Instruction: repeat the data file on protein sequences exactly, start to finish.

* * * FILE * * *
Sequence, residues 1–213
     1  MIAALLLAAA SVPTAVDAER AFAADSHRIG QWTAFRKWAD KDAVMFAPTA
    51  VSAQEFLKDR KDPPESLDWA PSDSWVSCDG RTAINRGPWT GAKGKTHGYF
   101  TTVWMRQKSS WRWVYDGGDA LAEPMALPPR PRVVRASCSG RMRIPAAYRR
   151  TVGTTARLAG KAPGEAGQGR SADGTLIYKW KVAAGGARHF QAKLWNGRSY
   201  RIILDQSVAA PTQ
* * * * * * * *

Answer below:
Sequence, residues 1–213
     1  MIAALLLAAA SVPTAVDAER AFAADSHRIG QWTAFRKWAD KDAVMFAPTA
    51  VSAQEFLKDR KDPPESLDWA PSDSWVSCDG RTAINRGPWT GAKGKTHGYF
   101  TTVWMRQKSS WRWVYDGGDA LAEPMALPPR PRVVRASCSG RMRIPAAYRR
   151  TVGTTARLAG KAPGEAGQGR SADGTLIYKW KVAAGGARHF QAKLWNGRSY
   201  RIILDQSVAA PTQ